ARLINGTON, Va. -- In some ways, the National Guard Bureau's State Partnership Program -- which pairs National Guard elements with partner nations worldwide -- started with a tuba.
'The Latvian military band needed a big tuba,' said retired Air Force Maj. Gen. John Conaway, the 22nd chief of the NGB and 'father' of the SPP. 'And we hauled a tuba over there.'
The trip with the tuba was part of the early planning stages for the program, which turns 25 this year.
'We delivered that tuba to the Latvian band and they were amazed to get it,' said Conaway. 'That started the program with the first, initial visit.'
That first visit lead the way to a program that now has 74 partnerships with countries throughout the world. But it all started with three: Latvia, Lithuania and Estonia.
'We were received in grand fashion in all three places,' said Conaway, referring to that initial trip. Where it would go from there, he added, was then still unknown.
'We didn't know what was going to happen,' he said. 'But, we had the visit. That was the start.'
That first visit was the result of a simple directive from Army Gen. John Shalikashvili, then-supreme allied commander in Europe with NATO, and who would be appointed chairman of the Joint Chiefs of Staff in 1993.
'He called me up and said 'we've got to help these new emerging democracies [in the Baltics],'' said Conaway, adding that after additional planning with Pentagon officials, he formed a small team and they started working with the State Department. That led to meeting with the presidents of Latvia, Lithuania and Estonia, as well as military officials in those countries.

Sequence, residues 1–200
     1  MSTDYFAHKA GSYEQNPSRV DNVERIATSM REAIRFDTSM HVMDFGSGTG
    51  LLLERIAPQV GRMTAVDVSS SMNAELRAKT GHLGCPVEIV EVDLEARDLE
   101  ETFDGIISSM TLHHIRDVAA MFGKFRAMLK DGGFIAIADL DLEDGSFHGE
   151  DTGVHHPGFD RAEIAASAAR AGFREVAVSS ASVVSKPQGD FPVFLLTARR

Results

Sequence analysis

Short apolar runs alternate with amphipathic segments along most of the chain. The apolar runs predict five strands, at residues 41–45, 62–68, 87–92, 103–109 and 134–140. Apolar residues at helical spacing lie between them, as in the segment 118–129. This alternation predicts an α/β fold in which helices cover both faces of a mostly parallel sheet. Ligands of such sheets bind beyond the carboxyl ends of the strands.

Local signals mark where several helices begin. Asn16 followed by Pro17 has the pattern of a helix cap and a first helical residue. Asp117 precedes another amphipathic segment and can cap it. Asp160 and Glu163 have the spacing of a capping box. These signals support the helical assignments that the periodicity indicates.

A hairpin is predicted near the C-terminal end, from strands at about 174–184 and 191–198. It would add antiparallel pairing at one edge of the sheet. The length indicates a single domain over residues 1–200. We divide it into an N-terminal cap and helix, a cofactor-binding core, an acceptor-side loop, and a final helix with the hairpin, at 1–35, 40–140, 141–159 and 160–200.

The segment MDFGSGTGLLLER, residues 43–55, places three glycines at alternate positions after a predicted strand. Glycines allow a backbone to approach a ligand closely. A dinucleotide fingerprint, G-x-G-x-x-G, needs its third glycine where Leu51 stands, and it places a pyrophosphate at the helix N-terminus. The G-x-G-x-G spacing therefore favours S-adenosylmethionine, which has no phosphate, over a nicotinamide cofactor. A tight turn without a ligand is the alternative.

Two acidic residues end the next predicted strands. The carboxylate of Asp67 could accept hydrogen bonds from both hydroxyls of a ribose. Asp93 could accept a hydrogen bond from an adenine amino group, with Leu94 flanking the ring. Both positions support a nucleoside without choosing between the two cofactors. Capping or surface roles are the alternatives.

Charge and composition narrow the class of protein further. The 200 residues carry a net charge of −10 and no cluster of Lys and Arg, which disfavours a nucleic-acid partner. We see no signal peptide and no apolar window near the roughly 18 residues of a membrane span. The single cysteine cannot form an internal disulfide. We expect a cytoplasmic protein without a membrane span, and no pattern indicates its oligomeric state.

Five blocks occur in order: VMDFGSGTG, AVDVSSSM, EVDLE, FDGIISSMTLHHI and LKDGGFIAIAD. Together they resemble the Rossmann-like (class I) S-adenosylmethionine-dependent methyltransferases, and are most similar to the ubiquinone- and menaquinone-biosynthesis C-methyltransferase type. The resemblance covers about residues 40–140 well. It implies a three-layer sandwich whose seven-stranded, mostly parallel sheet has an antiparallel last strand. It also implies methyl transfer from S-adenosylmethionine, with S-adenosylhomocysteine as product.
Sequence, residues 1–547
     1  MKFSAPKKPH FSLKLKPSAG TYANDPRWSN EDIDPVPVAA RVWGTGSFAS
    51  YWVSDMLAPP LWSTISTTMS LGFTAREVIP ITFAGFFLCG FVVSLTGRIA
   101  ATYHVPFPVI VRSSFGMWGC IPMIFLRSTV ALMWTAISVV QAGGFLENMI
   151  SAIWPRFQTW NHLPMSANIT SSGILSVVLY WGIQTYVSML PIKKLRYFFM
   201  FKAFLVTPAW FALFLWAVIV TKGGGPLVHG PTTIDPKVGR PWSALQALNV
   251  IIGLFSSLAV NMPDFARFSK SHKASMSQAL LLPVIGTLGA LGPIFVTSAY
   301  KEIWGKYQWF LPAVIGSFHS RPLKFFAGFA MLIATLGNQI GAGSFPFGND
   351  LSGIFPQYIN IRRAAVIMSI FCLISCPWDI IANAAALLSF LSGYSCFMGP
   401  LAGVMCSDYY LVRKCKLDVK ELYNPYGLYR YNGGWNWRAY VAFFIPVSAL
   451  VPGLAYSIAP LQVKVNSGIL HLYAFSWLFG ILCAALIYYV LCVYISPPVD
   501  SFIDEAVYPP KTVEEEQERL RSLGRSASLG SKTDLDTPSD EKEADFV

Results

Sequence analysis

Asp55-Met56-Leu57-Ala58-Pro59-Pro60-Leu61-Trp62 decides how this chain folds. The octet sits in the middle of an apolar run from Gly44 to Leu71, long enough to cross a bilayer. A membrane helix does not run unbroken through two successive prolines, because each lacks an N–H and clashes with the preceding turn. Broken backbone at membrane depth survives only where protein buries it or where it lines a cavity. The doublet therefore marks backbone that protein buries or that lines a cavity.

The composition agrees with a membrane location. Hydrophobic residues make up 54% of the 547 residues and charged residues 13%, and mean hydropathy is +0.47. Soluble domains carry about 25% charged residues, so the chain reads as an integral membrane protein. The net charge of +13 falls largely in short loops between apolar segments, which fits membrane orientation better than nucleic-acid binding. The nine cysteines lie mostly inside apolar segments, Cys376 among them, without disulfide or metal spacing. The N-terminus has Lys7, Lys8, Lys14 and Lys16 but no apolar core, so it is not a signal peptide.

'It looked like they wanted our help and we started talking about putting liaison officers from the National Guard on orders with them,' said Conaway. 'Our role was to help make the transition [to democracy] as smooth as we could.'
The idea of liaison officers grew into tying specific Guard elements with specific countries.
'The [team] and I huddled and thought, 'We've got tons of Lithuanians and Lithuanian-Americans living in Pennsylvania,'' Conaway said. 'It fit. We'll tie Lithuania to the Pennsylvania National Guard.'
The idea grew from there.
'There were a lot of Latvian-Americans in Michigan, so we got with the adjutant general [of the Michigan National Guard] and tied them together with Latvia,' said Conaway. 'There are Estonian-Americans in Baltimore, and so we tied [Estonia] together with the Maryland National Guard.'
Conaway added there was little precedent to follow while developing the program.
'We were doing this off the back of an envelope back then,' he said. 'It was happening so fast.'
By the time Conaway retired in November 1993, the SPP had 13 partnerships, primarily with former Eastern Bloc countries in Europe.
The following years saw new partnerships added from across the globe.
'It's grown to 74 partnerships and that's been an incremental growth of about two to three partnerships a year,' said Air Force Col. Donald McGuire, chief of the international affairs branch at the NGB.
As the program has expanded, the process for adding new partnerships has become more refined.